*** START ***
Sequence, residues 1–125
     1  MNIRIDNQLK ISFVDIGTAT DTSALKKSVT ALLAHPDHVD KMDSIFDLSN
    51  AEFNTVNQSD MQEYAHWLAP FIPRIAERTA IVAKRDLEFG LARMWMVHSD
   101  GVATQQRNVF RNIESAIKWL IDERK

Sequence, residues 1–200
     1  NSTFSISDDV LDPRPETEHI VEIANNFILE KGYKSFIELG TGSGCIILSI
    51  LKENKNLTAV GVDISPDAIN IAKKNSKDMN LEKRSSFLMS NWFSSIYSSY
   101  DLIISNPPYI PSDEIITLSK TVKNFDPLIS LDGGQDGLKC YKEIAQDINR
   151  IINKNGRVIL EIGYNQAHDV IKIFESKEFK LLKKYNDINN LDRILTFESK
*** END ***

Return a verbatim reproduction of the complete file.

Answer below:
Sequence, residues 1–125
     1  MNIRIDNQLK ISFVDIGTAT DTSALKKSVT ALLAHPDHVD KMDSIFDLSN
    51  AEFNTVNQSD MQEYAHWLAP FIPRIAERTA IVAKRDLEFG LARMWMVHSD
   101  GVATQQRNVF RNIESAIKWL IDERK

Sequence, residues 1–200
     1  NSTFSISDDV LDPRPETEHI VEIANNFILE KGYKSFIELG TGSGCIILSI
    51  LKENKNLTAV GVDISPDAIN IAKKNSKDMN LEKRSSFLMS NWFSSIYSSY
   101  DLIISNPPYI PSDEIITLSK TVKNFDPLIS LDGGQDGLKC YKEIAQDINR
   151  IINKNGRVIL EIGYNQAHDV IKIFESKEFK LLKKYNDINN LDRILTFESK